After studying at Eton and Oxford, he succeeded his father as 5th Marquess of Lansdowne (in the Peerage of the United Kingdom) and 6th Earl of Kerry (in the Peerage of Ireland) at the relatively young age of 21 on 5 June 1866. He inherited a vast estate, including Bowood House and great wealth. Three years later, he married Lady Maud Evelyn Hamilton (a daughter of the 1st Duke of Abercorn) and they had two sons and two daughters.
Lord Lansdowne entered the House of Lords as a member of the Liberal Party in 1866. He served in William Gladstone's government as a Lord of the Treasury from 1869 to 1872 and as Under-Secretary of State for War from 1872 to 1874. He was appointed Under-Secretary of State for India in 1880, and having gained experience in overseas administration, was appointed Governor General of Canada in 1883. The present-day town of Lansdowne, Garhwal in Uttarakhand, India, was established in 1887 and named after him.
Yet Lord Lansdowne took the opportunity to travel extensively throughout western Canada in 1885, meeting many of Canada's First Nations peoples. While the railway to British Columbia was not completed, this did not stop the Governor General from travelling throughout the Rockies on horseback and by boat. On his second trip out west, Lord Lansdowne took the new Canadian Pacific Railway, and was the first Governor General to use the line all the way out west.
His experiences in western Canada gave Lansdowne a great love of the Canadian outdoors and the physical beauty of Canada. He was an avid salmon fisherman, and was also intently interested in winter sports. His love of the wilderness and Canadian countryside led him to purchase a second residence on the Cascapédia River in Quebec.
It was with the issue of fishing rights between the United States and Canada that Lansdowne proved himself as an adept statesman, helping to negotiate a peaceful settlement to a potentially serious dispute between both countries. He was also a supporter of scientific development, presiding over the inaugural session of the British Association for the Advancement of Science in 1884.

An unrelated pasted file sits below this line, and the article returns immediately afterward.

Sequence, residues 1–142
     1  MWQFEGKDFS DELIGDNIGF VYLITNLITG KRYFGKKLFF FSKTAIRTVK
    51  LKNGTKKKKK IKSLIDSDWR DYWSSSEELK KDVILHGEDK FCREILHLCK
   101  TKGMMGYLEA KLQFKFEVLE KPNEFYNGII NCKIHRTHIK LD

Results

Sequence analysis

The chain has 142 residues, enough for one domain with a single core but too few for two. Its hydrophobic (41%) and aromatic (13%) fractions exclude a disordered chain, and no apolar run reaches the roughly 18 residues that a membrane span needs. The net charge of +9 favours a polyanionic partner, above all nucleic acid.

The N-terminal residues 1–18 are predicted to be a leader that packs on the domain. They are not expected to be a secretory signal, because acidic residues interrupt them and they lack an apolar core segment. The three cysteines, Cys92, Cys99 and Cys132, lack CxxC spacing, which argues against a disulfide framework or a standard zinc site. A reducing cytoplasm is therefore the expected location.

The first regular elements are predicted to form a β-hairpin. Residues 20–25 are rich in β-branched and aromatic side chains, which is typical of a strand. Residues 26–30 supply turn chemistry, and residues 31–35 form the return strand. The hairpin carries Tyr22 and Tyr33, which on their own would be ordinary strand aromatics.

Lord Lansdowne departed Canada with a true appreciation of the beauty of the wilderness and an equal appreciation of the diversity of Canadian society. He was considered a very able Governor General, and gave his wife a great deal of the credit for his success in Canada. One of her happiest and most successful endeavours while at Rideau Hall was a party she threw for 400 Sunday school children. Lady Lansdowne was decorated with the Order of Victoria and Albert and the Imperial Order of the Crown of India.
In the following years, Lansdowne continued as Lords leader, his stature even somewhat improved by Balfour's resignation and replacement as Tory leader in the commons by the inexperienced Andrew Bonar Law, who had never held cabinet office. In 1915, Lansdowne joined the wartime coalition cabinet of Herbert Henry Asquith as a Minister without Portfolio, but was not given a post in the Lloyd George government formed the following year, despite Conservative preeminence in that government. In 1917, having discussed the idea to colleagues for some time with no response, he published the controversial "Lansdowne Letter," which called for a statement of postwar intentions from the Entente Powers. He was criticized as acting contrary to cabinet policy.
Lord Lansdowne's military secretary, Lord Melgund, benefited greatly from serving the Governor General. He later became Lord Minto and served as Governor General between 1898 and 1904.
When Lansdowne died his estate was probated at 1,044,613 pounds sterling of land, with another 233,888 pounds in other assets.